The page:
Question regarding storage, and on safety of typing in pin on the host system?

Could someone please explain why the method of typing in your pincode at the actual computer ( or clicking the numbers ) is not super unsecure? a screengrab or keylogger would be able to grab your pin ? and if the computer is compromised already, now even the NitroKey is in the computer, and the attacker has te pin?

Other than that I was wondering; will there be a 3NFC version with extra storage capabilities? I would love hidden partition, and even more room for certificates would be a welcome addition, and worth the cost in my opinion.

If the PIN for a security token is grabbed by a keylogger, the security of the token is partially defeated. This is because the security token relies on the secrecy of the PIN to protect the stored key. If an attacker gains access to the PIN, he can use the security token to access the key and perform actions such as decryption or signing on behalf of you.

However, the secret material itself is still protected. As soon as you remove the token, any further information that has been encrypted with that token would stay confidential from that moment and the attacker would not be able to continue to impersonate you. The token reduces the impact of a successful attack.

On the other hand, GPG keys that are stored on the filesystem can be copied by an attacker and your only option would be to revoke the key (if you are able to use a revocation certificate to inform your communication partners)

Therefore it is crucial to safeguard your key and also remove it when not in use.

Most people would agree that it is already game over when an attacker is able to install a physical or software keylogger.

Some time ago I used the STRIDE framework to identify potential threats of a Nitrokey:

  • Spoofing: An attacker could spoof the Nitrokey token by creating a fake device that looks identical to a real Nitrokey token or modify software on a system that fakes interactions. This could be used to trick users into entering sensitive information (like User PIN or Admin PIN) which could then be stolen by the attacker.
  • Tampering: An attacker could tamper with the Nitrokey token by physically modifying the device to bypass its security measures. This could allow the attacker to access sensitive information stored on the device in order to bypass brutefore protection.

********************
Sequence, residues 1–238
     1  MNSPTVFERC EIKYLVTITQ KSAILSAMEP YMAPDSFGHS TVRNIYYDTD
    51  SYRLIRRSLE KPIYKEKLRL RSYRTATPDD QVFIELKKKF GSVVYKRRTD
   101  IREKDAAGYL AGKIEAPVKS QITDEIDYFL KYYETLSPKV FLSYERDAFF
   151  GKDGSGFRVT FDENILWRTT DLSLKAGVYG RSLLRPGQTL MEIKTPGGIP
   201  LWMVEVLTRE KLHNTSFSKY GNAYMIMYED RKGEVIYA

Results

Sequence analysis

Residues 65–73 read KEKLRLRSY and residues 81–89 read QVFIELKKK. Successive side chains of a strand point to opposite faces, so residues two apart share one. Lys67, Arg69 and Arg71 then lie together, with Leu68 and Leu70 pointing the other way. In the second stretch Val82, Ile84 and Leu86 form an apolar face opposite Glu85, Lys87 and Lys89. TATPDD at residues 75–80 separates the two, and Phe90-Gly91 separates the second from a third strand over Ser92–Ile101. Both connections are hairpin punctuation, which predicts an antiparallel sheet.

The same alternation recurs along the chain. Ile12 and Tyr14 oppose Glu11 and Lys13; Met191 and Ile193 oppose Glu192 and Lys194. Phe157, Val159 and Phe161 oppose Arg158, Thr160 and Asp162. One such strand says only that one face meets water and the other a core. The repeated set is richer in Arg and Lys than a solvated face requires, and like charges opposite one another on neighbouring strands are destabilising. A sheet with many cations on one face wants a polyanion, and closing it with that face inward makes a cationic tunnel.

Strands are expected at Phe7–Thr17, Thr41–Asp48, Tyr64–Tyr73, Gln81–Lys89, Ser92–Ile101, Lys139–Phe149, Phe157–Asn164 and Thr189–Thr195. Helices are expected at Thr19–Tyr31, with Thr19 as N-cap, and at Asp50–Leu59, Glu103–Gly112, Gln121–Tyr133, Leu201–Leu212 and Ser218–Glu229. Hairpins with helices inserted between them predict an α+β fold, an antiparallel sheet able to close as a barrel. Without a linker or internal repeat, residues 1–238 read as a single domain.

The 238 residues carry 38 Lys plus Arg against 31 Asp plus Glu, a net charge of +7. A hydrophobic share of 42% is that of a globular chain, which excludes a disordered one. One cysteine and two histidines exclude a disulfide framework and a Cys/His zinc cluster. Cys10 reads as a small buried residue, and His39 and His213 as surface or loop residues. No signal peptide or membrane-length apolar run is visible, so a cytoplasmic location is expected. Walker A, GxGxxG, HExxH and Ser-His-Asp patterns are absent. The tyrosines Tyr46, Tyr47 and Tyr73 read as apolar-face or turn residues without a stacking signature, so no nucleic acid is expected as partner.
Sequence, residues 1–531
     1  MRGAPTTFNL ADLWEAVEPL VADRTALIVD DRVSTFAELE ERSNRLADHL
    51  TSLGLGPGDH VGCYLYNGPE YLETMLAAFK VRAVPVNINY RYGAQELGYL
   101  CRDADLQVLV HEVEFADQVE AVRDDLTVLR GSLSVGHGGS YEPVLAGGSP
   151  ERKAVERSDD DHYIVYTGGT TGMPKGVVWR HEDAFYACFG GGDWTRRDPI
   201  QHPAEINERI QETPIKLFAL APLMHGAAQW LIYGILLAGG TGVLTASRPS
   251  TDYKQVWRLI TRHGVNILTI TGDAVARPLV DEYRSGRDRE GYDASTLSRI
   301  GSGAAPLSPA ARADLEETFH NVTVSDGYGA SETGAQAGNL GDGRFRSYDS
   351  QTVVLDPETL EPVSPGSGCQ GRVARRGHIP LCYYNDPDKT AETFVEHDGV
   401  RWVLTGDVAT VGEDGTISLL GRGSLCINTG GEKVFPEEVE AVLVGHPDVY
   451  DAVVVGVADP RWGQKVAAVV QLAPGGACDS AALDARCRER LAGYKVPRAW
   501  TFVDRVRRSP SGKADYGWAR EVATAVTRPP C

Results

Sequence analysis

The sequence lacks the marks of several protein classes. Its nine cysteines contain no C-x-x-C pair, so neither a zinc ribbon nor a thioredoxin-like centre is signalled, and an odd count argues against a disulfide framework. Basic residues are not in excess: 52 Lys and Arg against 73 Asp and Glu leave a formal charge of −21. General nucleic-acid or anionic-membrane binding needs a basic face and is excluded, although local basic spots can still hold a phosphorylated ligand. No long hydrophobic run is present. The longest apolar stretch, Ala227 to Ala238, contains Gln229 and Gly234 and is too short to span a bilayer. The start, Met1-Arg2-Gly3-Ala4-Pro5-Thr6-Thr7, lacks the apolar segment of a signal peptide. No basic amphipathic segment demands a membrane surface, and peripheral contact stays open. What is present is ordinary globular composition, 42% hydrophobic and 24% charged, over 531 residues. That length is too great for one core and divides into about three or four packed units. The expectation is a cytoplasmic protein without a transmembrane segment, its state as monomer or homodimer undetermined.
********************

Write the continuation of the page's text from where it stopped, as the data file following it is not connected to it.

• Repudiation: An attacker could gain access to the PIN while the token is still present on a system. An attacker accessing a system using someone else’s credentials (e.g. via SSH using gpg-agent) could cover up malicious activities or shift blame onto someone else.
  • Information Disclosure: An attacker could obtain sensitive information from the Nitrokey token by intercepting communication with the device or by exploiting vulnerabilities in the firmware. This could be used to steal sensitive data (e.g. the PIN) or exfiltrate Data Objects on the token.
  • Denial of Service: An attacker could launch a denial of service attack against the Nitrokey token by exhausting the PIN retries or wearing out the EEPROM/Flash storage (e.g. by increasing the signature counter). This could render the device unusable or cause it to malfunction, preventing users from accessing their data especially when there is no backup available of the key.
  • Elevation of Privilege: An attacker could elevate their privileges on a system by exploiting vulnerabilities in the Nitrokey firmware or by brute forcing the PINs protecting the device to gain access to sensitive data.

If you are concerned about this, using a card reader with a built-in PIN pad could be an option. Cryptographic smartcards used in the Nitrokey projects are available separately on the market.